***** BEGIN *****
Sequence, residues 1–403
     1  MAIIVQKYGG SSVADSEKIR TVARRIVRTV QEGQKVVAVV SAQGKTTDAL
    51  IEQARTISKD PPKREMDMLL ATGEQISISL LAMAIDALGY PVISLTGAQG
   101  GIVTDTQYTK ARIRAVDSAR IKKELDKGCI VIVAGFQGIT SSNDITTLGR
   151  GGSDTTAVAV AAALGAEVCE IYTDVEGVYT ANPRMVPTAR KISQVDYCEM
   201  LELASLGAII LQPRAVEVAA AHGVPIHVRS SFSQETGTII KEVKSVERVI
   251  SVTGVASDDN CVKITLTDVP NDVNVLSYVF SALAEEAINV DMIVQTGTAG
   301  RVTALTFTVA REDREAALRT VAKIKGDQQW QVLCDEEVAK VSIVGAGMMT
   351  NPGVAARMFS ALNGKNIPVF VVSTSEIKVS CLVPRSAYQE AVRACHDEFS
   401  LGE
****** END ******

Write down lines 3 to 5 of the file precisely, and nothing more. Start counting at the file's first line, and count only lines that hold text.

    51  IEQARTISKD PPKREMDMLL ATGEQISISL LAMAIDALGY PVISLTGAQG
   101  GIVTDTQYTK ARIRAVDSAR IKKELDKGCI VIVAGFQGIT SSNDITTLGR
   151  GGSDTTAVAV AAALGAEVCE IYTDVEGVYT ANPRMVPTAR KISQVDYCEM